Over the past two decades, researchers have discovered a special form of alternative splicing that produces a circular form of RNA. Although these circular RNAs (circRNAs) have garnered considerable attention in the scientific community for their biogenesis and functions, the focus of current studies has been on the tissue-specific circRNAs that exist only in one tissue but not in other tissues or on the disease-specific circRNAs that exist in certain disease conditions, such as cancer, but not under normal conditions. This approach was conducted in the relative absence of methods that analyze a group of common circRNAs that exist in both conditions, but are more abundant in one condition relative to another (differentially expressed). Studies of differentially expressed circRNAs (DECs) between two conditions would serve as a significant first step in filling this void.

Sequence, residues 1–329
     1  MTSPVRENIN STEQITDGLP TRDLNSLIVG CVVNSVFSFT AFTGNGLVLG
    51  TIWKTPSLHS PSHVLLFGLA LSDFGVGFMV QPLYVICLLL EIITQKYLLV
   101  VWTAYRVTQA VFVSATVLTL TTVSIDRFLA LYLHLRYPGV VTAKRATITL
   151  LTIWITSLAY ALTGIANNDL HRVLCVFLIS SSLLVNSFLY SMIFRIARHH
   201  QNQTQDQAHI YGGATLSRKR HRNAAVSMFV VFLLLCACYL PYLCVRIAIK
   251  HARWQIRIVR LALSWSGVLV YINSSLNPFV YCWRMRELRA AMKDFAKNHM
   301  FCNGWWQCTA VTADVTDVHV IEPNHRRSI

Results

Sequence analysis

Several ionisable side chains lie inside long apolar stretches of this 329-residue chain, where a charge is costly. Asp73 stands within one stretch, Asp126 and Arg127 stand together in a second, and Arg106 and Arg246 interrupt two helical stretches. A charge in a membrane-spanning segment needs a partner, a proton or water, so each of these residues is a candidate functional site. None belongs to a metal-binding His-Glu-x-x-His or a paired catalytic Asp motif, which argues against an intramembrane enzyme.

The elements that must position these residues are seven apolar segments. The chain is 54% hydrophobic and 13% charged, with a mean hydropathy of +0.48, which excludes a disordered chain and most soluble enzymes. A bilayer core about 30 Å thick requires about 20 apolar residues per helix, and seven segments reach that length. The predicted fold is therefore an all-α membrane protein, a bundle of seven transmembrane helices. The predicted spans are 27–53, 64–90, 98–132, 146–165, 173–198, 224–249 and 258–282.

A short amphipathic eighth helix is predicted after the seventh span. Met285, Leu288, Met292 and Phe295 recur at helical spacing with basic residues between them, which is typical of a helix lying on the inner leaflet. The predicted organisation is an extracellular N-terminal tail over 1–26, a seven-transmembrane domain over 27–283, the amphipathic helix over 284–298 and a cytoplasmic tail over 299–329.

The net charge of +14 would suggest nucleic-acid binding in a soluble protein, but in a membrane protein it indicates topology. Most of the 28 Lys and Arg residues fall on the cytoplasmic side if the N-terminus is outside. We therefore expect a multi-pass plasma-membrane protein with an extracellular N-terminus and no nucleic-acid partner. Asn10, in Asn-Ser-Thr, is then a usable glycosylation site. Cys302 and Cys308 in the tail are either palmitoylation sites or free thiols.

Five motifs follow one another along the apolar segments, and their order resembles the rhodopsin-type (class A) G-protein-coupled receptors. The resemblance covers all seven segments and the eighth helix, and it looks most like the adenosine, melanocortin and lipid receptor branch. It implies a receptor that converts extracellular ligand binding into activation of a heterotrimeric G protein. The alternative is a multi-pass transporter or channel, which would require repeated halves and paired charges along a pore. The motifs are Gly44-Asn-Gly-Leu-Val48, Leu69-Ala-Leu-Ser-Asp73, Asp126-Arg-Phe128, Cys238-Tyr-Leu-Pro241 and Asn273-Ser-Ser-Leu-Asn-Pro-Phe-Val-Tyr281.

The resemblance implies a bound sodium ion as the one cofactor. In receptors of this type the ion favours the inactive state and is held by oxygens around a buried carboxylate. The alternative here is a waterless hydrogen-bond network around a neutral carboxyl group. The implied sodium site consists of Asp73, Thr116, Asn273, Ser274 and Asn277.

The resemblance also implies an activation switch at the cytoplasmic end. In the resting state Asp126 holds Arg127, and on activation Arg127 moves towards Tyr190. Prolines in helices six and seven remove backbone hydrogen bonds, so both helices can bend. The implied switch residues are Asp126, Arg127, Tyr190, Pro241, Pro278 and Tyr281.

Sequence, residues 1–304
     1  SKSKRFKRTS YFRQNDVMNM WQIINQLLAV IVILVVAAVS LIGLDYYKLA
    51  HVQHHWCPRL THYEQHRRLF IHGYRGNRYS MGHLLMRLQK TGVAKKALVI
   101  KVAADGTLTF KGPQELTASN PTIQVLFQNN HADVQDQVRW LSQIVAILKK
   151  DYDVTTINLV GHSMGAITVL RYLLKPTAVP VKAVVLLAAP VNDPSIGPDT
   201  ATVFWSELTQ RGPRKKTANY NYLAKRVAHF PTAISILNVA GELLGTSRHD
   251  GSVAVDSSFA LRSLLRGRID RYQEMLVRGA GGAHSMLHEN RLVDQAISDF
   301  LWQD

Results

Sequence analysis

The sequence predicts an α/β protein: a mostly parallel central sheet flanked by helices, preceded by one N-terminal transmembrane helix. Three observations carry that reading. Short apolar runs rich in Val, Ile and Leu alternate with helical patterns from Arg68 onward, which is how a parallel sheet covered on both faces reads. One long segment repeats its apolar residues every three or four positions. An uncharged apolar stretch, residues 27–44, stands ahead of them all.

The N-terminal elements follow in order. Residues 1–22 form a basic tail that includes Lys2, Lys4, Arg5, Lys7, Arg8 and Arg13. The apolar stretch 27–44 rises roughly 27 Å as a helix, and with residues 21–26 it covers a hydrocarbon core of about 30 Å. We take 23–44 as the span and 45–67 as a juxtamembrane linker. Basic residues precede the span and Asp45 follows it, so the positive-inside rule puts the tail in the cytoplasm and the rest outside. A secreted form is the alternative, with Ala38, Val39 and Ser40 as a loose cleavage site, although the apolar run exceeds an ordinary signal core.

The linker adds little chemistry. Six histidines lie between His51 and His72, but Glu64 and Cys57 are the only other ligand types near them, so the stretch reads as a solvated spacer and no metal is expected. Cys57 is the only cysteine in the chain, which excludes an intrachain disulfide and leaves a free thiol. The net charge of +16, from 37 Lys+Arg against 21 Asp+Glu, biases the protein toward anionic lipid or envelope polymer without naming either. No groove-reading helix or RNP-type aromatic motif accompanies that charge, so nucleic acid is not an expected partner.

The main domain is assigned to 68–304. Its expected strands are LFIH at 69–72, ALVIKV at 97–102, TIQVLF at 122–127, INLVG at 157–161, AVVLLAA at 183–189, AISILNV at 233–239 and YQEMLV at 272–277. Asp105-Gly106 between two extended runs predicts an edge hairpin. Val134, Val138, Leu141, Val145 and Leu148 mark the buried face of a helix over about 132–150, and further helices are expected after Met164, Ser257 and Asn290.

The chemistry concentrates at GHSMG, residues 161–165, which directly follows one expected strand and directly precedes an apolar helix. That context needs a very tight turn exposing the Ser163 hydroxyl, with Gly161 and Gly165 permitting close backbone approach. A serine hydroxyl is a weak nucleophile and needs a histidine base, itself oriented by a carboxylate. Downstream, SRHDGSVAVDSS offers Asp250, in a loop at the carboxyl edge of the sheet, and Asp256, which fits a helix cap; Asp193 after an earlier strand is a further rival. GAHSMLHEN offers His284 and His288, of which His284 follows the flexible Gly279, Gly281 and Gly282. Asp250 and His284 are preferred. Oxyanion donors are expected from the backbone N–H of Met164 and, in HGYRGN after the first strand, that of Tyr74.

Researchers from the University of Louisville have developed a novel computational tool, seekCRIT (seek for differentially expressed CircRNAs In Transcriptome), that identifies the DECs between two conditions from high-throughput sequencing data. Using rat retina RNA-seq data from ischemic and normal conditions, they show that over 74% of identifiable circRNAs are expressed in both conditions and over 40 circRNAs are differentially expressed between two conditions. The researchers also obtain a high qPCR validation rate of 90% for DECs with a FDR of < 5%. These results demonstrate that seekCRIT is a novel and efficient approach to detect DECs using rRNA depleted RNA-seq data.
seekCRIT takes raw sequence files in fastq format to detect differentially expressed circRNAs
Availability – seekCRIT is freely downloadable at https://github.com/UofLBioinformatics/seekCRIT. The source code is licensed under the MIT License. seekCRIT is developed and tested on Linux CentOS-7.